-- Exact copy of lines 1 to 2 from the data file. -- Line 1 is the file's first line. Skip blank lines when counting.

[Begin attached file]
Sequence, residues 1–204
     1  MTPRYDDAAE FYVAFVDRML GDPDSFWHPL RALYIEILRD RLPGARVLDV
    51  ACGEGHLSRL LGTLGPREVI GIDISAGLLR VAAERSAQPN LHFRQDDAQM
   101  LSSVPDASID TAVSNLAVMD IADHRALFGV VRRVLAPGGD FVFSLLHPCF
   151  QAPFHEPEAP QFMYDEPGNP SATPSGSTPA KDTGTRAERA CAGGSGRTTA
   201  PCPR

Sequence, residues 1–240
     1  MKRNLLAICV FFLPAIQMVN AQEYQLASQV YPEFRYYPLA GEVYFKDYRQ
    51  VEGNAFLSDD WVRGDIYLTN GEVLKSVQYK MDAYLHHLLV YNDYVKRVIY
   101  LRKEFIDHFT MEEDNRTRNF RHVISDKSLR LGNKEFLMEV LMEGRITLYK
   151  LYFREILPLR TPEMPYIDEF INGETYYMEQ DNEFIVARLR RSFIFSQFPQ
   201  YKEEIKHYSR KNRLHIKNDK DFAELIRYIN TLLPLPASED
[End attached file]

Sequence, residues 1–204
     1  MTPRYDDAAE FYVAFVDRML GDPDSFWHPL RALYIEILRD RLPGARVLDV